The current study focused on participants' depression and health status, independent of sertraline.
"We wanted to dig deeper into the health effects in patients whose depression improved over the study period, regardless of their medication use," said Xiong.
Xiong and the research team used data from rigorous, standardized evaluations administered over the course of the 12-week SADHART-CHF study to measure both depression and general health. The Hamilton Depression Rating Scale questionnaire was administered periodically to all study participants to assess the severity of depressive symptoms. Cardiac and general health were determined using the Kansas City Cardiomyopathy Questionnaire and the Short Form Health Survey (completed by 285 study participants) and a six-minute walk test (completed by 378 participants).
Participants whose depression remitted during the trial intervention had improvement on scores of physical health on a variety of measures, including social limitation, physical limitation, quality of life, symptom frequency and total symptoms.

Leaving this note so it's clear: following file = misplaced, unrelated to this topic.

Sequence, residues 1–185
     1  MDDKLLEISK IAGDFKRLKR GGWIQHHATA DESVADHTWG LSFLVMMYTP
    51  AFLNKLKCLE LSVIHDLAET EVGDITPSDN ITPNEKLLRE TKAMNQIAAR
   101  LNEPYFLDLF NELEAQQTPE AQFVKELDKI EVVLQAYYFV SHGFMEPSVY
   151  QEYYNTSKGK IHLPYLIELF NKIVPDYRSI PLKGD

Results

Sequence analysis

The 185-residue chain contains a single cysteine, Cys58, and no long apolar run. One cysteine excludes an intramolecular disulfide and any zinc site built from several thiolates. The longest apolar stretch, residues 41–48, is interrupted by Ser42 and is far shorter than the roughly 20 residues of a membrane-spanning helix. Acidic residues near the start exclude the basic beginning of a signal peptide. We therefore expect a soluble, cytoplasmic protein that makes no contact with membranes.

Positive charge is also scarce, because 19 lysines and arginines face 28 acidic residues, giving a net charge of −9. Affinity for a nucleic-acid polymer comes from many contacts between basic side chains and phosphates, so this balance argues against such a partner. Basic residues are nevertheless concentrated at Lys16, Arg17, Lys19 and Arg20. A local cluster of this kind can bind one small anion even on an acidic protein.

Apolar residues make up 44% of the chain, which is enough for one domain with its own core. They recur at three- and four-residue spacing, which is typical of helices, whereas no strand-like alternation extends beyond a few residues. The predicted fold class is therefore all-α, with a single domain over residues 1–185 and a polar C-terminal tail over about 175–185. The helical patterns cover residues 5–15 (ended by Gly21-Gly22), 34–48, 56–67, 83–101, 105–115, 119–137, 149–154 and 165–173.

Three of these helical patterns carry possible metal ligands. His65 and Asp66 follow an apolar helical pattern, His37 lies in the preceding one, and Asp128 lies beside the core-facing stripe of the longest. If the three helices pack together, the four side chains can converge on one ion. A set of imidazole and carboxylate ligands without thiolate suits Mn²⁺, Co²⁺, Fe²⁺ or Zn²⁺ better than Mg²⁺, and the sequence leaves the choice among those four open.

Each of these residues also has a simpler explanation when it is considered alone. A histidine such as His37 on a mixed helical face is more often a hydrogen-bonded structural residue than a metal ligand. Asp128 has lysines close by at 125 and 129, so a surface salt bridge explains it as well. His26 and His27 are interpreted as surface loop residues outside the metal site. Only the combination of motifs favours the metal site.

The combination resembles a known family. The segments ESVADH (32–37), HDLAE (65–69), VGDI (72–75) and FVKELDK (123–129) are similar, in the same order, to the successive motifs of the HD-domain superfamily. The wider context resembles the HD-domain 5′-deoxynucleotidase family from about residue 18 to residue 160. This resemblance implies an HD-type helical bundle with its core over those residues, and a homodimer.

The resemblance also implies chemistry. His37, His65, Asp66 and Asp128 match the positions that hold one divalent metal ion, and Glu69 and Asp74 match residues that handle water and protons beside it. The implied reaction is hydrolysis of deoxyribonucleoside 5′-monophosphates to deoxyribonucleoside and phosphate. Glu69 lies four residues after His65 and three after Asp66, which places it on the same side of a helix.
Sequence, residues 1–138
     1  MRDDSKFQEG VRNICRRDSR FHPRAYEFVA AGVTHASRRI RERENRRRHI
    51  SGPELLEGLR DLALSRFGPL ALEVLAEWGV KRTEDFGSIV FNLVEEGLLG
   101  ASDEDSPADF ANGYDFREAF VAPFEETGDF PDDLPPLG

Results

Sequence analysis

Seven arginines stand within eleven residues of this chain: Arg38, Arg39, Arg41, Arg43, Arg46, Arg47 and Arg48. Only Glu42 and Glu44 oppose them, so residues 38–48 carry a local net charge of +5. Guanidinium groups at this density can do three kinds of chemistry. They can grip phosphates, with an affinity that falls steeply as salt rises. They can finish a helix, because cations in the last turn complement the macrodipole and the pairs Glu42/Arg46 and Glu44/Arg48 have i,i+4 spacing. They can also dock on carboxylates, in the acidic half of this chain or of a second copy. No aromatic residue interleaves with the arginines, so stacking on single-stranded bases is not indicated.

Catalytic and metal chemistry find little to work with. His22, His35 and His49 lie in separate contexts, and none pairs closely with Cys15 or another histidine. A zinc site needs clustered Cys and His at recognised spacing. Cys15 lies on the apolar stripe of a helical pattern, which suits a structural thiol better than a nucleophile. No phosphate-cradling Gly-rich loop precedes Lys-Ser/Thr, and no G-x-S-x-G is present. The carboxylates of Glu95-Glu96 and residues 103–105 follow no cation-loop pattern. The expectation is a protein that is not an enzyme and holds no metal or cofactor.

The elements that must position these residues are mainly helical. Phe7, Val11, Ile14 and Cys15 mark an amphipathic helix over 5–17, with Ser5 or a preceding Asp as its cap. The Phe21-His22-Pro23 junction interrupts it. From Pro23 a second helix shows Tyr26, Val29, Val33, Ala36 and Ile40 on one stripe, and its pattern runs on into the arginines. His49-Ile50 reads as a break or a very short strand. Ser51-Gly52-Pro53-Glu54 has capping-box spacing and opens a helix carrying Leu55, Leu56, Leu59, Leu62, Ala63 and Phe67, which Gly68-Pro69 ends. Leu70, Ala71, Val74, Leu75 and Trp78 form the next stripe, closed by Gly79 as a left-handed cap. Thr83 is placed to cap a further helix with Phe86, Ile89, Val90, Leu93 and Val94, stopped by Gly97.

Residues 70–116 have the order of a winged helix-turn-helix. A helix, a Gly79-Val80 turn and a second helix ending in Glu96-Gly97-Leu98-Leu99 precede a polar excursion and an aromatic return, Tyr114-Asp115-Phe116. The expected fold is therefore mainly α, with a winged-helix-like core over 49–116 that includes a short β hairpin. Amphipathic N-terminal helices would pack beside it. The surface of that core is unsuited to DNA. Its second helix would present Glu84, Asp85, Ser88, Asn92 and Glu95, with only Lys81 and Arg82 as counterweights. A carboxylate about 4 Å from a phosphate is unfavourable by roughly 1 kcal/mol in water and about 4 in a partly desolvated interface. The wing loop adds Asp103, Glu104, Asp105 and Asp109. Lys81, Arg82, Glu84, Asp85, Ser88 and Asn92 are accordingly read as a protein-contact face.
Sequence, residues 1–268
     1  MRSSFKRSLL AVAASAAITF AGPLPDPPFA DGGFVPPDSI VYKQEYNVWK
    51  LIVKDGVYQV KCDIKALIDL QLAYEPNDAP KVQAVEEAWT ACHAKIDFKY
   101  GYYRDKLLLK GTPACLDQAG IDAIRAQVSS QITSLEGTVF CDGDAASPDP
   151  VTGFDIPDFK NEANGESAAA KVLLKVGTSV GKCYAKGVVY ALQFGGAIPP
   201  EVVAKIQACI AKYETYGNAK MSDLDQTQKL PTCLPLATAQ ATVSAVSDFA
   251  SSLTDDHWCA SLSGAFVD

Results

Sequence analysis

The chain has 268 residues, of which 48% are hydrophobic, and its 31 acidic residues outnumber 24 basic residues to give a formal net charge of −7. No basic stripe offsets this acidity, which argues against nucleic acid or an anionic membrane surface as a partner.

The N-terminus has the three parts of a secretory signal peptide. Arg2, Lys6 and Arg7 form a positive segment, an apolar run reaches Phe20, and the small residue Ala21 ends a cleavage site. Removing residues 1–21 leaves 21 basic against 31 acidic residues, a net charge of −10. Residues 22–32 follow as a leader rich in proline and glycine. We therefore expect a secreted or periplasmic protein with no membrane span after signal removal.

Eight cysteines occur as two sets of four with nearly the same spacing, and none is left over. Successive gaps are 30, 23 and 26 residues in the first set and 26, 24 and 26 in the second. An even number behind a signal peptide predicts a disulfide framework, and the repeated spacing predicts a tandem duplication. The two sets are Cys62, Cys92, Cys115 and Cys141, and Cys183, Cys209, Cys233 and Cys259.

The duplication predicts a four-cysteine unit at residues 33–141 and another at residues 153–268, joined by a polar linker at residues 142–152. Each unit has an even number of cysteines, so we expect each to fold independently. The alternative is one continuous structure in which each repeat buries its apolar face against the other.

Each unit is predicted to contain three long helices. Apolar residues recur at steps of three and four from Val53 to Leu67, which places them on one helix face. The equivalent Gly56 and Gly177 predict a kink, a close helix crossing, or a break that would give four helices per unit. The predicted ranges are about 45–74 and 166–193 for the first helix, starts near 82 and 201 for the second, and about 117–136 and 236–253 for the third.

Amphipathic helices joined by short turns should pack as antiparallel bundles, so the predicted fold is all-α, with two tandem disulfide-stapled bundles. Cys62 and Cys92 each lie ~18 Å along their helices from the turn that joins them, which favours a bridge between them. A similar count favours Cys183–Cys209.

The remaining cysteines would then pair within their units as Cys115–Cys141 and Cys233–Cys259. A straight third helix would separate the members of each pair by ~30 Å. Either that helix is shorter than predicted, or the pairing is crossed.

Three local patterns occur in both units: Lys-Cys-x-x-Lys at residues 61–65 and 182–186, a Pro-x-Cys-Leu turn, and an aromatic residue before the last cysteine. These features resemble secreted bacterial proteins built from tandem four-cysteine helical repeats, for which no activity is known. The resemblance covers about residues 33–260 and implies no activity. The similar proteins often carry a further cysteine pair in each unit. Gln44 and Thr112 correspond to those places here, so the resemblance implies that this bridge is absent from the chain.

"To put the results in perspective, a five-point change in the Kansas City Cardiomyopathy Questionnaire is clinically significant," says Xiong. "The patients whose depression was in remission had scores 13 points higher than those who were not in remission."
Those outcomes were backed up by the Short Form Health Survey, which showed that reduced depression symptoms also improved physical function and general health perception. The six-minute walk test also showed significant improvements in endurance, as patients with reduced depression could walk on average 47 meters -- or about 154 feet -- farther than their counterparts with major depression.
According to the researchers, their results open up a new avenue of investigation that could lead to
|Contact: Karen Finney|
University of California - Davis Health System